Van Gogh’s Sermons
Blessed are you when people revile you and persecute you and utter all kinds of evil against you falsely on my account. Rejoice and be glad, for your reward is great in heaven, for in the same way they persecuted the prophets who were before you (Matthew 5:11-12).
During the recent annual conference of the Association of University and College Counseling Center Directors, I joined my colleagues on a collective break and visited the Art Institute of Chicago. There I contemplated one of Vincent Van Gogh’s most famous self-portraits.
The colors and textures made me feel his pulse and deep pain even as I looked into the subtle sadness of his soft eyes. There he was, and no photograph could convey the living man better. Perhaps not even a face-to-face encounter with the genius could exceed it.
A couple of years ago, I took a course on Henri Nouwen from my friend, Chris Glaser, in Columbia Theological Seminary’s Spirituality Program. Chris shared with us a story he heard from his teacher and friend about Van Gogh:
As a young man, Van Gogh wanted to follow his father’s footsteps as a Reformed Church pastor in the Netherlands. Assigned to a small parish serving poor miners and their families, he visited them often in their homes and in the mines themselves. True to Jesus’ teachings, he gave away much that he owned to help them. This violated church officials’ expectation that clergy maintain the lifestyle of the professional class, so they dismissed Van Gogh from his post and his calling.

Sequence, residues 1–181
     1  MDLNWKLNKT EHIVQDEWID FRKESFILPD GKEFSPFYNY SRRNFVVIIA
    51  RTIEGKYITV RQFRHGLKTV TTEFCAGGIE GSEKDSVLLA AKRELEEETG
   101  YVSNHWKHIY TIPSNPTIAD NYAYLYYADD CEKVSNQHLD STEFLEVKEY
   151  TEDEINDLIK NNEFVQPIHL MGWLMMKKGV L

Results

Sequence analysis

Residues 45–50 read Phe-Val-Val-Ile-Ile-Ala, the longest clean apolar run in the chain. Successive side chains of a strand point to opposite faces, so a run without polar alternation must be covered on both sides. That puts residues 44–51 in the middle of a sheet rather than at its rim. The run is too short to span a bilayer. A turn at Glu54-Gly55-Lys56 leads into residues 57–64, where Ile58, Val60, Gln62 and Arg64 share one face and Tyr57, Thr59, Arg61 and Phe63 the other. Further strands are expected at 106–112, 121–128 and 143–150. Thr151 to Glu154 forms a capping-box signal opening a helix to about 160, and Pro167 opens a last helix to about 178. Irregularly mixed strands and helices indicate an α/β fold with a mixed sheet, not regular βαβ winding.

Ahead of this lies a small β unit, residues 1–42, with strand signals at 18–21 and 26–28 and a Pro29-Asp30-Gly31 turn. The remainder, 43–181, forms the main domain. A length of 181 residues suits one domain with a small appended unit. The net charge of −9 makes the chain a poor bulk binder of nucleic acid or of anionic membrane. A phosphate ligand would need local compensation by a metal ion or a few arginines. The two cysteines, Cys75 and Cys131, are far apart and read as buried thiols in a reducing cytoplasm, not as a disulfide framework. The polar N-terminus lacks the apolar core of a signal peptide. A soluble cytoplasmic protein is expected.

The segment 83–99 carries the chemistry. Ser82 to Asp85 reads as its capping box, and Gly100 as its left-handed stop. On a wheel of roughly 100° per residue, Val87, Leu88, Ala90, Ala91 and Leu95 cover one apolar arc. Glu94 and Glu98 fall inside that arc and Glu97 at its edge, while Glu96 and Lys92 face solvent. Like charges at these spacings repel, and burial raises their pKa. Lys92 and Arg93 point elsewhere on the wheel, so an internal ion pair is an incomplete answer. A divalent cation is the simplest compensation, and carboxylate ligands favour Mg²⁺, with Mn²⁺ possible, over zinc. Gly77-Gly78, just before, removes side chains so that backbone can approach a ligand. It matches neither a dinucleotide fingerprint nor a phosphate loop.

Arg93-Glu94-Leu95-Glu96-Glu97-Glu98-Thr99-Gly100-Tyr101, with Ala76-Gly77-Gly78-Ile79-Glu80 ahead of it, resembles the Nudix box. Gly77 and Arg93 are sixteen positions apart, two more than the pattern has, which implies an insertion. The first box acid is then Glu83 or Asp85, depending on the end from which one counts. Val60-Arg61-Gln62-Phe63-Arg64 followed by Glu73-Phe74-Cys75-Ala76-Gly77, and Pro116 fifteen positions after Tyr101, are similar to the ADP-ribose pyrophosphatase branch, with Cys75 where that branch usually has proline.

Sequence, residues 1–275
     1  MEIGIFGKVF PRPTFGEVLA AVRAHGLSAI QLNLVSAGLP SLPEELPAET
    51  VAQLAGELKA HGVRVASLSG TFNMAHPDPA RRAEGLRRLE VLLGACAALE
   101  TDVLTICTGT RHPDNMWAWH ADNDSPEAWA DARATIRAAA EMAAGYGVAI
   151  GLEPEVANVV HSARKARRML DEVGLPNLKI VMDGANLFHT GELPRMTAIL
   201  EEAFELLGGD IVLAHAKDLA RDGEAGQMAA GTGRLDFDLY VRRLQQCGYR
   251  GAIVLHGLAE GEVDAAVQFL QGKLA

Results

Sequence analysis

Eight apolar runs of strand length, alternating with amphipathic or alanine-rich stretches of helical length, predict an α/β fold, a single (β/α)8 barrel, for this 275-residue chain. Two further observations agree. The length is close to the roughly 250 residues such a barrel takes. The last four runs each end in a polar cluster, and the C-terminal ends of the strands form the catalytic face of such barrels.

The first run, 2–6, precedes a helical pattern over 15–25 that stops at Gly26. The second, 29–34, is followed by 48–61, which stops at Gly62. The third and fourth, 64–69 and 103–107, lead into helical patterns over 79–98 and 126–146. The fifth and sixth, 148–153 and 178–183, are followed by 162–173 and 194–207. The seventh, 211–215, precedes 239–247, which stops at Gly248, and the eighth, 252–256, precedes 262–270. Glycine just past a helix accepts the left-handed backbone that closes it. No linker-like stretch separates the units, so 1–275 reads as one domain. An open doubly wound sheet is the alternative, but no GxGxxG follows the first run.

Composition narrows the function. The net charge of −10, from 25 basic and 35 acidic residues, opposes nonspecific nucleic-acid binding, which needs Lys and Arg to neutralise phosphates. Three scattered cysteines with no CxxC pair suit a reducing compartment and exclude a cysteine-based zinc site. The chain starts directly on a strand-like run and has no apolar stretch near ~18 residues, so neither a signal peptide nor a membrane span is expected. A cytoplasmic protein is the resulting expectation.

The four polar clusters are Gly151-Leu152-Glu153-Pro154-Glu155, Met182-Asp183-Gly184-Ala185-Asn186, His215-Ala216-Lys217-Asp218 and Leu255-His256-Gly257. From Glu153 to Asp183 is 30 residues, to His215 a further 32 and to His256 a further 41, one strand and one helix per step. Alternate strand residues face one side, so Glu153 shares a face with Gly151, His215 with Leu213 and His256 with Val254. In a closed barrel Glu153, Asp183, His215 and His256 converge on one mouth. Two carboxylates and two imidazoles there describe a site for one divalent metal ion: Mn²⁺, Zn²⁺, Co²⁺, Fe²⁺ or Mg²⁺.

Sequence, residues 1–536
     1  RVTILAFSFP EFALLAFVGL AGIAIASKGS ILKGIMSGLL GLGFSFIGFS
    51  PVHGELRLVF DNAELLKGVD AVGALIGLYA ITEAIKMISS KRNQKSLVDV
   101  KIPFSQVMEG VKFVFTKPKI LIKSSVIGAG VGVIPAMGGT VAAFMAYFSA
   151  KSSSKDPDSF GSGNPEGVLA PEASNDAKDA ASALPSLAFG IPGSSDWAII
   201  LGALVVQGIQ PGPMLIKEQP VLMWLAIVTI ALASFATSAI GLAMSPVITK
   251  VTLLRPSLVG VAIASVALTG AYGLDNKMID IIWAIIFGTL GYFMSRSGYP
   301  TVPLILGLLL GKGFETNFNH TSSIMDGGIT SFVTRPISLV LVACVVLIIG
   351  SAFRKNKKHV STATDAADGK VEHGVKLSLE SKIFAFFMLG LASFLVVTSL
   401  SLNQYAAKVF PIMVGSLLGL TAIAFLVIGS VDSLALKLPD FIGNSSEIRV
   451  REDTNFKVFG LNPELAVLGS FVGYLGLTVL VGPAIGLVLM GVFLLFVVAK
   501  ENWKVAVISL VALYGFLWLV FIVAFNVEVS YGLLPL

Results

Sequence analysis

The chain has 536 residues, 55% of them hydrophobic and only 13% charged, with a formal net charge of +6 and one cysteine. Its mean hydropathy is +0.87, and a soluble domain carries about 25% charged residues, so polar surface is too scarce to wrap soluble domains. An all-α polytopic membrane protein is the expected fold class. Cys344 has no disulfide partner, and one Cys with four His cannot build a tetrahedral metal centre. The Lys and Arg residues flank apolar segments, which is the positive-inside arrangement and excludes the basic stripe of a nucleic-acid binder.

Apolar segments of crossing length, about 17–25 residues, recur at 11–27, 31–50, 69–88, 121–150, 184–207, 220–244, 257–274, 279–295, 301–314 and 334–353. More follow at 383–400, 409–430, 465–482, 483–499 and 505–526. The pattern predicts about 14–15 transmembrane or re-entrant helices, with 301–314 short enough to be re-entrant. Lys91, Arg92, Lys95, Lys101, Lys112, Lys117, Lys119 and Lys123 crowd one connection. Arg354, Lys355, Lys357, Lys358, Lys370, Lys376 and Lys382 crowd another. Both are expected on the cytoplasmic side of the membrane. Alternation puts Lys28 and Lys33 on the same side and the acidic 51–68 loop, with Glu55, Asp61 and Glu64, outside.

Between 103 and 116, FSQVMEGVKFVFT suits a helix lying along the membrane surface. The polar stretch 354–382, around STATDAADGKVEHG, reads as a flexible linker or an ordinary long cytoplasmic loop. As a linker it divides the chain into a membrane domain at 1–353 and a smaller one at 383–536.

So young Vincent made a decision: If he could not preach to the unlettered poor from the pulpit, he would preach for them sermons without words through painting. Utterly unknown in his lifetime, he eventually went mad and committed suicide. But every painting he left blesses us.
Since Constantine we Christians live the contradiction of allegiance to the poor, crucified Christ whose following became the religion of power in the western world. But any reader of the gospels can see that this is no rags-to-riches plot. He has everything to do with living in solidarity and service with the poor. Young Van Gogh got it right. The church got it wrong.
Sadly, Van Gogh’s story does not surprise us as we see everywhere the misuse of Christian faith to keep the poor and marginalized in their places and the rich and powerful in their privileges. There are Van Goghs in your midst – perhaps including you — yearning to share their gift to God’s glory, but the church too often does not listen as Christ would because of other agendas.
Keep alert for the Van Goghs and receive their gifts gratefully. Attend to the Van Gogh within for whispers of your own beautiful and silent gift, and claim the freedom to give it.
About J. Marshall Jenkins
J. Marshall Jenkins is an author, psychotherapist, teacher, and spiritual director. For several years he has been writing on the Beatitudes for people in emotional pain, publishing biweekly here on his Beatitudes Blog at http://www.jmarshalljenkins.com. His newest book, Blessed at the Broken Places: Reclaiming Faith and Hope with the Beatitudes, is now available through Amazon and Barnes & Noble.